My slides, sample data and instructions and links for exercises are available here: St Andrews Data Visualisation for Analysis in Scholarly Research Handouts.
'An increasing number of crowdsourcing projects are making claims about ‘citizen history’ – but are they really helping people become historians, or are they overstating their contribution? Can citizen history projects succeed without communities of experts and peers to nurture sparks of historical curiosity and support novice historians in learning the skills of the discipline? Through a series of case studies this paper offers a critical examination of claims around citizen history.'
Ananda Rutherford organised a workshop for the Documenting Homes project at the Geffrye Museum, which is researching visualisation models for presenting the archive and other collections information across digital platforms. The workshop is a chance to explore the role of visualisations in organising, interrogating and interpreting collections in context and to develop critical and planning skills for designing visualisations. It will include guided exercises for turning data in a spreadsheet into simple visualisations and an optional hour for trying out visualisation tools with your own data.
Contact me for the workshop slides and datasets. The exercises are below.
Presentation on CHNM's One Week One Tool project, Serendip-o-matic, at 'Sustainable History: Ensuring today's digital history survives', Senate House, London, 28 November 2013.
I gave a half-day pre-conference workshop on ‘Data Visualizations as an Introduction to Computational Thinking’ for the University of Manchester.
From the event blurb:
Digital Humanities (DH) has grown rapidly in importance in recent years, as interest turns away from technology as an instrumental tool simply for resource discovery and access and towards the need to identify and solve new research challenges for the humanities. As one of the largest concentrations of humanities scholars in the UK, surrounded in turn by the enviable breadth of expertise provided by the University’s technologists and librarians, the University could be a fertile ground for Digital Humanities research.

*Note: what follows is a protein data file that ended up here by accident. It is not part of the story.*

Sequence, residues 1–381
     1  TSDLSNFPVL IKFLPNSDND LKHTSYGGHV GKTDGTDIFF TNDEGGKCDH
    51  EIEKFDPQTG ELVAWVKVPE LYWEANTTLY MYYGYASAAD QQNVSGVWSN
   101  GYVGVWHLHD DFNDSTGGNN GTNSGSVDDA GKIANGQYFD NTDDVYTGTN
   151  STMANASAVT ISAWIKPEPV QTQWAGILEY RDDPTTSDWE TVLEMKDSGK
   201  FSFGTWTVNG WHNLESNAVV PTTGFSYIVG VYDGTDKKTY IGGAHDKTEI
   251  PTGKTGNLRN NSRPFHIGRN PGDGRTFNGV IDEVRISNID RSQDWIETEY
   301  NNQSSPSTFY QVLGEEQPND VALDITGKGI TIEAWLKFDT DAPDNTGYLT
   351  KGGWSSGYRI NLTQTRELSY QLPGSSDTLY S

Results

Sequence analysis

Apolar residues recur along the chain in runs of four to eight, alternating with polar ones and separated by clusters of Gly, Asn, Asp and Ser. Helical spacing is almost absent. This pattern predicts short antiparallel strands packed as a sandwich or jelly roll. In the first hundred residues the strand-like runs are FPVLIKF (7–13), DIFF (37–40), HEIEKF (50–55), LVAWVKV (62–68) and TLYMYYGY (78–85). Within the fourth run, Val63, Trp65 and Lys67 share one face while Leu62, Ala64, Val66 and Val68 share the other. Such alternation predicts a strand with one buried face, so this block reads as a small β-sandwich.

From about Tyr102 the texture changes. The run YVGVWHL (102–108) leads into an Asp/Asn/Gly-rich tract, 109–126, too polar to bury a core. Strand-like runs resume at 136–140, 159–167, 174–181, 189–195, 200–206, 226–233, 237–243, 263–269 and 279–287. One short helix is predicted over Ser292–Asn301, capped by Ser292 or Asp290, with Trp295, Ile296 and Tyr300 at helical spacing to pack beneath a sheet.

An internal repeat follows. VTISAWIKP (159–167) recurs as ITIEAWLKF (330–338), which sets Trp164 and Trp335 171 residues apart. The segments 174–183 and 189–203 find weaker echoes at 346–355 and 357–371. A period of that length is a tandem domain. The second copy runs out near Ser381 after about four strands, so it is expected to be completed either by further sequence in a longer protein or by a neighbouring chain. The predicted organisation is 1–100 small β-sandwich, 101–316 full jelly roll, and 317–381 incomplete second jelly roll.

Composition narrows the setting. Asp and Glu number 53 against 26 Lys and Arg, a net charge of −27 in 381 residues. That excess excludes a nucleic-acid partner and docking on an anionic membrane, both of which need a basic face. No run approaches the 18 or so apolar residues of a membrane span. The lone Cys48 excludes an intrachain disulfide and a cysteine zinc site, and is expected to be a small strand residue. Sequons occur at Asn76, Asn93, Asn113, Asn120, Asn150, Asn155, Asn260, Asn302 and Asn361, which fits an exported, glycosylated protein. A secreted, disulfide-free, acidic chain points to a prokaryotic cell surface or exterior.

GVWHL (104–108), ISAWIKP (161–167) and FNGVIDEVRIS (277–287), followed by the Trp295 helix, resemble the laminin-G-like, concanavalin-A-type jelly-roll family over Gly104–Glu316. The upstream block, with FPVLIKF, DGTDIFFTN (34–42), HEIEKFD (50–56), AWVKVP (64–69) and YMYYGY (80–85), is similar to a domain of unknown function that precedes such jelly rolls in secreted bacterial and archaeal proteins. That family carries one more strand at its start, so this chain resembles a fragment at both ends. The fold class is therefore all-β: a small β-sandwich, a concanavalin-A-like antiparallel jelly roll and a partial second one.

On 7 November 2013, the School of Arts, Languages and Cultures will be hosting an afternoon workshop for University academics and post-graduates; the event is aimed at exploring the skills and literacies researchers might need as potential digital humanists. This informal, hands on event will provide an opportunity for academics, post-grads to start to ‘think like a programmer’ and learn some computational thinking. Participants will be introduced to new methodologies and tools, including those for manipulating and analysing data using visualization tools. No technological expertise in these areas, only a laptop, curiosity and a willingness to experiment.
Goals of session
- Provide opportunity for academics, post-grads to start to ‘think like a programmer’ and learn some computational thinking
- Learn and put into practice some skills for accessing, manipulating and analysing data using visualisation tools
- Introduce new methodologies and tools
- Demystify tools, think critically about what’s happening ‘under the hood’, understand the impact of tool choice and data structures
- Enable dialogue with technologists about project design and tool choice
- Think about the skills, literacies Digital Humanists need